The Bush administration has said North Korea helped Syria to build an alleged nuclear reactor destroyed in a controversial Israeli air raid last year.
The White House said in a statement on Thursday that Syria "must come clean" over its alleged secret co-operation with North Korea on the reactor.
It also described the alleged assistance as a "dangerous manifestation'' of North Korea's nuclear proliferation activities, but said it would continue six-party talks to try to resolve the nuclear standoff with the isolated nation.
"We are convinced, based on a variety of information, that North Korea assisted Syria's covert nuclear activities," Dana Perino, a White House spokeswoman, said.
"We have good reason to believe that reactor, which was damaged beyond repair on September 6 of last year, was not intended for peaceful purposes."
The claims follow a briefing of US congressional officials in Washington DC by intelligence chiefs, including William Hayden, the CIA director.
Before the briefing, Syria's ambassador to the UK, Sami al-Khiyami, said that co-operation between the two countries was mainly economic and had "nothing" to do with building such a facility.
However some US legislators earlier warned that the claims could wreck vital six-party talks on North Korea's nuclear programme.
The controversy began last September, when an Israeli air raid destroyed a target in Syrian territory which some reports later said was a nuclear facility being built with North Korean help.
Syria, a signatory to the nuclear Non-Proliferation Treaty (NPT), has maintained in the past that the site was an unused military facility.
It later razed the site and built a larger building in its place.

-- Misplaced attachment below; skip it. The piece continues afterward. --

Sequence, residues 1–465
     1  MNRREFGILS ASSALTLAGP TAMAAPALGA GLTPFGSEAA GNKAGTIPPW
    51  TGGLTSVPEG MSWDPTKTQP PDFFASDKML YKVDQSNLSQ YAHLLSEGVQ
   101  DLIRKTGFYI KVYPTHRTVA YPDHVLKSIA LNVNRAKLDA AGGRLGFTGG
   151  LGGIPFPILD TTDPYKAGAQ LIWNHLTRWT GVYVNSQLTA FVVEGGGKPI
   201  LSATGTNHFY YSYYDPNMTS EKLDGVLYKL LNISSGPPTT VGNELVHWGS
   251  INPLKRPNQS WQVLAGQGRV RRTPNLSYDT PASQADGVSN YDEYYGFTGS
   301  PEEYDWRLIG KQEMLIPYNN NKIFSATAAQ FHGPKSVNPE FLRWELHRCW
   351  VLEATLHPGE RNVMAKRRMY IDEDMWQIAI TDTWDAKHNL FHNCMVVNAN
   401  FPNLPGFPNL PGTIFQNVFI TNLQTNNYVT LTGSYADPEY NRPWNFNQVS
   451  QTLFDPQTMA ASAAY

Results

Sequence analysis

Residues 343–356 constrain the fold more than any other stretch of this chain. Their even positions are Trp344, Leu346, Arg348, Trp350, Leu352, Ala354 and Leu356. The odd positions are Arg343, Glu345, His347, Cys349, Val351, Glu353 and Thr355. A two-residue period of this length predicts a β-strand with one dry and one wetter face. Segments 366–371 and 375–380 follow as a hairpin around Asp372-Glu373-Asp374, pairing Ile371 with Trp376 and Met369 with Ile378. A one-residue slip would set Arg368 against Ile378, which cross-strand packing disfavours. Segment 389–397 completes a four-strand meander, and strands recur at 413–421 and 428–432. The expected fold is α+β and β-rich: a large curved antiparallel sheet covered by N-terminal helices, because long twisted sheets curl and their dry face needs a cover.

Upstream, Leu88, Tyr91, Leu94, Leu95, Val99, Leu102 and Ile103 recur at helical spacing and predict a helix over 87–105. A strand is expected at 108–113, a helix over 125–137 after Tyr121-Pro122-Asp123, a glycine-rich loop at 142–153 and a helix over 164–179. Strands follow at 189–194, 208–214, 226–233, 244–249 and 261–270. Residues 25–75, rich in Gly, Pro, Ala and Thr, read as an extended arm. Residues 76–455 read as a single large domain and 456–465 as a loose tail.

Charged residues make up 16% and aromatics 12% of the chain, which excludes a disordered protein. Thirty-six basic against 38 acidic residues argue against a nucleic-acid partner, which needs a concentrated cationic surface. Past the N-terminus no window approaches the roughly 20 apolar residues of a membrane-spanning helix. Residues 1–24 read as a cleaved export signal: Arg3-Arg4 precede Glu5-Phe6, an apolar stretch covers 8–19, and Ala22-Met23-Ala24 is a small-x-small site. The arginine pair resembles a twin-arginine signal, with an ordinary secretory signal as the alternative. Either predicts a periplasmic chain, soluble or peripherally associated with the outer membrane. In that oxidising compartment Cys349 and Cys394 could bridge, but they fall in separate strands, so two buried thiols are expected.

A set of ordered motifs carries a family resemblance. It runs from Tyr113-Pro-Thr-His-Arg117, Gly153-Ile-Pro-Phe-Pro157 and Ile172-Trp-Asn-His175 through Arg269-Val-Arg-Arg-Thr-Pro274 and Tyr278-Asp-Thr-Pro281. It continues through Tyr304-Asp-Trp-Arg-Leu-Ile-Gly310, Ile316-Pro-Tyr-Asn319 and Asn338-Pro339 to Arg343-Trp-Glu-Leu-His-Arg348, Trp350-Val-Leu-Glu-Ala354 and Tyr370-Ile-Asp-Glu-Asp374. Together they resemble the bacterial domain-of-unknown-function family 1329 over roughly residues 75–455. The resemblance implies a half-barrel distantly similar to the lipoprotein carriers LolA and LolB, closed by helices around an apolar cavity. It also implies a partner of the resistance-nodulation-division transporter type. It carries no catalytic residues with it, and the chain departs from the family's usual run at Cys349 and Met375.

The target of Israel's raid has been veiled in secrecy, with US intelligence and government officials refusing to confirm for months that such a raid even took place.
|Israel destroyed the building in a raid in|
September last year [Reuters]
A document released by US intelligence officials on Thursday said that the administration had concluded that the suspected reactor would have been able to produce plutonium for nuclear bombs and was "nearing operational capability in August 2007".
The US did not give Israel any "green light" to attack the Syrian site, a US official said.
Senior US intelligence officials said the suspected reactor closely resembled the Yongbyon nuclear facility in North Korea, which tested a nuclear device in October 2006.
In the briefings to congress and reporters, US officials produced before-and-after aerial photographs of the suspected reactor in eastern Syria as well as detailed interior images that they said showed key parts of its components.
One photograph showed what a US intelligence official said was a senior North Korean nuclear expert standing beside a Syrian atomic official inside Syria.
Joseph Cirincione, an expert on nuclear proliferation, told Al Jazeera on Thursday that North Korea rather than Syria was the target of the briefing, as "very few officials ... are actually worried that Syria had then or does have now a programme that would threaten the US and Israel".
"There are conservatives in the US who don't like the terms of the deal the US has worked out, they think it's a little too weak," he said.
"There are others, such as the neo-conservatives Dick Cheney, John Bolton ... who don't like any agreement and who don't want to set a precedent of negotiating with a tyrannical regime [North Korea] for fear that it would set a precedent for the US negotiating with Iran."
In addition to the US briefing, John Rood, acting under secretary for arms control and international security, briefed Mohamed El Baradei, who heads the International Atomic Energy Agency (IAEA), about the details being presented to Congress, US officials told AFP news agency.
The allegations of Syrian-North Korean nuclear co-operation come at a sensitive time for Pyongyang, which reached agreement over its nuclear weapons programme last year in six-party talks with the US, China, Japan, South Korea and Russia.
On Tuesday, a delegation of US nuclear experts travelled to North Korea for talks with senior officials on the nuclear issue and are expected to report back to Washington on Friday.